The EESC issues between 160 and 190 opinions and information reports a year.
It also organises several annual initiatives and events with a focus on civil society and citizens’ participation such as the Civil Society Prize, the Civil Society Days, the Your Europe, Your Say youth plenary and the ECI Day.
The EESC brings together representatives from all areas of organised civil society, who give their independent advice on EU policies and legislation. The EESC's326 Members are organised into three groups: Employers, Workers and Various Interests.
The EESC has six sections, specialising in concrete topics of relevance to the citizens of the European Union, ranging from social to economic affairs, energy, environment, external relations or the internal market.
The EESC supports the Commission's ambition to kick-start a necessary debate, given the sensitivities of Qualified Majority Voting (QMV) in tax matters. At the same time, the EESC considers that there are certain conditions that would need to be met for QMV to be successfully implemented.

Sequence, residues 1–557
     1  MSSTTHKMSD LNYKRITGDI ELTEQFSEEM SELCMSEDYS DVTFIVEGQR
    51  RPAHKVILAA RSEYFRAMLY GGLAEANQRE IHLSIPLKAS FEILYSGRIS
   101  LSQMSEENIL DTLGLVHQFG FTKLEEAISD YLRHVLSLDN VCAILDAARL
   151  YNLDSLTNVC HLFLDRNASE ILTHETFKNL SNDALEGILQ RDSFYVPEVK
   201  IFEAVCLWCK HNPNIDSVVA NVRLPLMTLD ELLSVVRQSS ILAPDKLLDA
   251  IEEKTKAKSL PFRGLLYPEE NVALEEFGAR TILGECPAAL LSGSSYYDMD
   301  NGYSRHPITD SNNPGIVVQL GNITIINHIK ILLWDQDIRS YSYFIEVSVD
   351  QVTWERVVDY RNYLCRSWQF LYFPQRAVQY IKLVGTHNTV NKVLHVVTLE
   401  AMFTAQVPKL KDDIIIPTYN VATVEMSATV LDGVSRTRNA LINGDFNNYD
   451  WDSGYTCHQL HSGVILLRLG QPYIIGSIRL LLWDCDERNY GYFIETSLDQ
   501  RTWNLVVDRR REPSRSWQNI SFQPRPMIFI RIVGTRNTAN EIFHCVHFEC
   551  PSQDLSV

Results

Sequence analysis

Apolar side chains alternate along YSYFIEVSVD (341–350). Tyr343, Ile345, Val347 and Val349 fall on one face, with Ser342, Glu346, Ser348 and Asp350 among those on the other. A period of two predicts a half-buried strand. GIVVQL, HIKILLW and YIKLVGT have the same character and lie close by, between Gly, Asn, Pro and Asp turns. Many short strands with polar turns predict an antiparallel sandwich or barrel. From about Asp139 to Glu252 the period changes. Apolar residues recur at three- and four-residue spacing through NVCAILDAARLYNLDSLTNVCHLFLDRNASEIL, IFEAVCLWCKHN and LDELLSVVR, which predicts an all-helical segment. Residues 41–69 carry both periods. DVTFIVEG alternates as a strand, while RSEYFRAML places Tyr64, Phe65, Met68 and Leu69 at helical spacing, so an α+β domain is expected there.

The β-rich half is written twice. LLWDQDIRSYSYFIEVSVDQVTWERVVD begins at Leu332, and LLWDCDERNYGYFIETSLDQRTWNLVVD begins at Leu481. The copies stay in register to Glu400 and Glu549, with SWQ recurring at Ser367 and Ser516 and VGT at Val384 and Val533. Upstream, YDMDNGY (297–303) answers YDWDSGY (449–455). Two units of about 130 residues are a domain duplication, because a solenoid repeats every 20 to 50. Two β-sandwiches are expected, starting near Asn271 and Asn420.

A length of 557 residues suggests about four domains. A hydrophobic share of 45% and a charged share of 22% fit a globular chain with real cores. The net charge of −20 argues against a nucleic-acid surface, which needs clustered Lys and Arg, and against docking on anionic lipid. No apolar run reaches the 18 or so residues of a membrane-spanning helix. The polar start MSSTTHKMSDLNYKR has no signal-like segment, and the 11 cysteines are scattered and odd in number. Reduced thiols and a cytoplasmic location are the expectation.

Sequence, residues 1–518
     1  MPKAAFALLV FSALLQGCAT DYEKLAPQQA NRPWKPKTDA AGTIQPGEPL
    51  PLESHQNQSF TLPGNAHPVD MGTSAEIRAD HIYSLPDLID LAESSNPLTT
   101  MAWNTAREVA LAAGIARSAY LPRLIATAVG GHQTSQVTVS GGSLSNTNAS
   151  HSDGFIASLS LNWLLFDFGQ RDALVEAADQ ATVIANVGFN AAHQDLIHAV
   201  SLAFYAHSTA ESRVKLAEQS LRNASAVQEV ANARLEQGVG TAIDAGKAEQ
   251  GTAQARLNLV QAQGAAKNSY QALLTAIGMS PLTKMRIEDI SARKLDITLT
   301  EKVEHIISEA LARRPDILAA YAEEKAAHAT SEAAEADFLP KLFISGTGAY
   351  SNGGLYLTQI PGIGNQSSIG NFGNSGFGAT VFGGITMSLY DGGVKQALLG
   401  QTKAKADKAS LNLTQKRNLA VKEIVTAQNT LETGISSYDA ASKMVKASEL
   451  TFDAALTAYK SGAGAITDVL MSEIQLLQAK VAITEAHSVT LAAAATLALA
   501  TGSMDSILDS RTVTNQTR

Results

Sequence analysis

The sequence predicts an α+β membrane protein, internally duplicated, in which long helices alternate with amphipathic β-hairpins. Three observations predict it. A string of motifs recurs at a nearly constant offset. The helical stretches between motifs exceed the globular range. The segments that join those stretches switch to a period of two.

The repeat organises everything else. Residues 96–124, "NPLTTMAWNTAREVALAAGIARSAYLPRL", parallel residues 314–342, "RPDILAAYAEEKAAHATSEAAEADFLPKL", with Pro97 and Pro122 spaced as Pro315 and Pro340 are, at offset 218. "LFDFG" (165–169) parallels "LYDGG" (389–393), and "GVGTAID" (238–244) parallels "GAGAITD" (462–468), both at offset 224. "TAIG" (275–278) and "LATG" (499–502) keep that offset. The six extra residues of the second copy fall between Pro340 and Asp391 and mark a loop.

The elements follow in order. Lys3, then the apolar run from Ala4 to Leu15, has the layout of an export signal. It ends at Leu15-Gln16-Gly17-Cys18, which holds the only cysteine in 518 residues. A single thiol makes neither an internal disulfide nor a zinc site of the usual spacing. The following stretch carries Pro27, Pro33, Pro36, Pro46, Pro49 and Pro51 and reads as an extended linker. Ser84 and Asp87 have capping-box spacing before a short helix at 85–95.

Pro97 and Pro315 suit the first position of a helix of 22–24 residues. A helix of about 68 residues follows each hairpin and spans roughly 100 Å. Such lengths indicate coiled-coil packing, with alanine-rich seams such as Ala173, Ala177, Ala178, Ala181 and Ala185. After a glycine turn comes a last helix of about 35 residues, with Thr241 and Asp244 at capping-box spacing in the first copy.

The unanimity rule in taxation may increasingly appear as politically anachronistic, legally problematic and economically counterproductive. In the future, with an adoption of QMV, the European Parliament would play an important role in tax matters.
Unanimity in taxation has impacted on other wider EU policy priorities.
The EESC also considers that taxation policy in general and combating tax fraud in particular must remain a priority policy area for the upcoming European Commission.
The EESC is aware that tax policy has always been closely linked to the sovereignty of Member States, as it is of utmost importance to them. The EESC understands that tax competition for some EU Member States was a factor to solve financial problems in the past.
Following in-depth economic, social and fiscal analysis, any new rule must be fit-for-purpose and all Member States must at all times have sufficient possibilities to participate in the decision-making process. Creating an advantageous outcome both at the EU level and at the level of the individual Member State should be the ultimate objective.
When decided, the four proposed steps should be implemented gradually and the European Commission should perform an evaluation after each implementation.
EESC underlines the need for a wider process to possibly progress towards a more effective QMV that will take time and be in sync with other policy initiatives. In that sense, the EESC points out the necessity of:
A sufficiently strong EU budget.
Better coordinated economic policy.
A substantial analytical work assessing to what extent current tax measures have been insufficient.